acquired rather than learned, just like any other human language — and concludes the solution is multi-year courses focused on one programming language until proficiency is fully acquired.
For this reason, for the last seven years he's also been making his students memorize small programs, and then type them out perfectly, arguing that "the brain subconsciously constructs an internal mental representation of the syntax rules implicitly by induction from the patterns in the data."
Starbucks Worker Insisting Customers Wear Masks Rewarded With $70K On GoFundMe
"Masks are stupid and so are the people wearing them," posted one San Diego woman on Facebook (who is also an anti-vaxxer). "She has also shared previous posts expressing her refusal to wear masks, and her belief that those who wear them are 'not thinking clearly,'" reports the Washington Post.
Here's what happened next...
Amber Lynn Gilles walked into a Starbucks in San Diego without a mask and was declined service, according to a Facebook post on her page. She took a photograph of the barista who didn't serve her... Her post backfired.
It quickly collected more than 100,000 reactions and comments, as well as nearly 50,000 shares. Many Facebook users defended the barista, Lenin Gutierrez, and some called Gilles a "Karen" — a name coined to describe an entitled white woman making inappropriate remarks. One Facebook user wrote: "There's no reason to publicly shame a kid who's trying to work his shift like any other day...." That's when Matt Cowan, a man who doesn't know Gutierrez but stumbled upon the post, decided to start a virtual tip jar for the barista on GoFundMe. Cowan called the donation page "Tips for Lenin Standing Up To A San Diego Karen..."
"Everybody is rallying around somebody for doing what they're supposed to do and trying to protect everyone else," Cowan said in an interview with KGTV. "It just goes to show you there are a lot of good people out there and that outweighs the bad...."
By Saturday the original Facebook post criticizing the Starbucks barista had brought him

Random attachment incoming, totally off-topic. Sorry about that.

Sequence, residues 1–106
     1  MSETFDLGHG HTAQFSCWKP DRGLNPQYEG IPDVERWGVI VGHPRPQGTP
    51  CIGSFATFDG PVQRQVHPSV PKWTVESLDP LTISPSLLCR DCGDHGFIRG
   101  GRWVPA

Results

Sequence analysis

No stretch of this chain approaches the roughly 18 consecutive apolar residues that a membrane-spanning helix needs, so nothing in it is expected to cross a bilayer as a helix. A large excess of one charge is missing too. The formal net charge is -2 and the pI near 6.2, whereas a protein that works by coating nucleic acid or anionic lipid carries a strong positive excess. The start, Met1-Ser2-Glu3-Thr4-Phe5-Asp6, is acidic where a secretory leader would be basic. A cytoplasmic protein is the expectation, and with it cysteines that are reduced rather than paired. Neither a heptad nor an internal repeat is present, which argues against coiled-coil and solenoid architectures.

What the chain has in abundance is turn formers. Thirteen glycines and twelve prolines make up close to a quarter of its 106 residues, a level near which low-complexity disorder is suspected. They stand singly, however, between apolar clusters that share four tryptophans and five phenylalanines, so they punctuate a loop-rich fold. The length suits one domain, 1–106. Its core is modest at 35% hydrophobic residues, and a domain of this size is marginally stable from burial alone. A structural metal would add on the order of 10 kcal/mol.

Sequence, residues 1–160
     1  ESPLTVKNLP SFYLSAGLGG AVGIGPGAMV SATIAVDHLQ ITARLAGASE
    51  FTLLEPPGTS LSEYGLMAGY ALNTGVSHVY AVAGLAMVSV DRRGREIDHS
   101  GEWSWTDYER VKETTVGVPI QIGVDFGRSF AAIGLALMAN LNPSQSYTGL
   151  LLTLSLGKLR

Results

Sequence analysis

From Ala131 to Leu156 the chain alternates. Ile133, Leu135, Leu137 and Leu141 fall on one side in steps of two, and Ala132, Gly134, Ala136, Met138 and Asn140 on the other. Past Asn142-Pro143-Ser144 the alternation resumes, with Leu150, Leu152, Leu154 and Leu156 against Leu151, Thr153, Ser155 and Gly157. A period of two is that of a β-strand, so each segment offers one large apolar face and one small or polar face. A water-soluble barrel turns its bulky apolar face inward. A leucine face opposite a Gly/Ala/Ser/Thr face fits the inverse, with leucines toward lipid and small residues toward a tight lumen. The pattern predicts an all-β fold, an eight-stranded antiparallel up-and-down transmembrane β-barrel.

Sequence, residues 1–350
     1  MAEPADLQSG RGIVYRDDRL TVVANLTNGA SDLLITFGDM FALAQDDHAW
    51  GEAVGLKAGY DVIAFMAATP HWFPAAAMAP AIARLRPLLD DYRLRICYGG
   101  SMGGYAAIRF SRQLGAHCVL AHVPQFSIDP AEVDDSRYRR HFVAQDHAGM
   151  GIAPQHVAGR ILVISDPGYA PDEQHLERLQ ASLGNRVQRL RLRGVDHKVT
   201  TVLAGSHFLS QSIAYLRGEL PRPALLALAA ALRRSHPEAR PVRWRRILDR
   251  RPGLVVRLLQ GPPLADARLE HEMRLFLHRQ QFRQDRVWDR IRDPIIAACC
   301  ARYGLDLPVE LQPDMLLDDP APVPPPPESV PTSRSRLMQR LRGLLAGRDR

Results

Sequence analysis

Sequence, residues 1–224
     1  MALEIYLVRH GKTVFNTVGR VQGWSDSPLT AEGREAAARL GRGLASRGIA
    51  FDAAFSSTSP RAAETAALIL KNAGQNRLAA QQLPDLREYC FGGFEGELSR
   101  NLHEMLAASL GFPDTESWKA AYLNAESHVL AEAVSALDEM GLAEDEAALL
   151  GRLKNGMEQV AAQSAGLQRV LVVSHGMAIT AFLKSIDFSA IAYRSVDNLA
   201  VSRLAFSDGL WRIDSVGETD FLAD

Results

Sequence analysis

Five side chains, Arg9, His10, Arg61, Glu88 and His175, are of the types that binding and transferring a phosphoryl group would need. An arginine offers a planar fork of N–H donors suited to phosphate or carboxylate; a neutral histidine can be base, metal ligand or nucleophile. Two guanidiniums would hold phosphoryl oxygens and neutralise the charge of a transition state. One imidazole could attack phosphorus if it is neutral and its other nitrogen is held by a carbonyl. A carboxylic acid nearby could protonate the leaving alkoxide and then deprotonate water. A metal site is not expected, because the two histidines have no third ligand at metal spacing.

over $70,000 in donations through the GoFundMe campaign.
Meanwhile, the Los Angeles Times reports, "In an interview with KNSD-TV Channel 7 in San Diego, Gilles said she's
received 'thousands' of death threats since the post went live."
Google's Phone App May Soon Tell You Why Businesses Are Calling
Android Police spotted a new "Verified Calls" feature Google appears to be rolling out that
tells users why a business is calling before they answer the call:
Unlike call screening, which can be initiated by the user on any incoming call, Verified Calls only come from businesses that have gone through Google's approval process. When a call that meets the criteria is placed from an approved business, the user will see the business name and logo, as well as the reason for the call.
Verified Calls require the business to send call information to a secure Google server. That server then pushes the info to the Google phone app on your device
When the actual call is placed, the app checks the caller's info against that stored data in order to verify the call is indeed coming from the business. If everything's legit, the Phone app displays the call as being Verified, and presents the helpful info provided by the business. A few minutes after receiving the call, the information is deleted from Google's server. Verified Calls will be turned on by default, but there should be a setting to opt-out in the Phone app. Although, it doesn't seem to be showing up yet.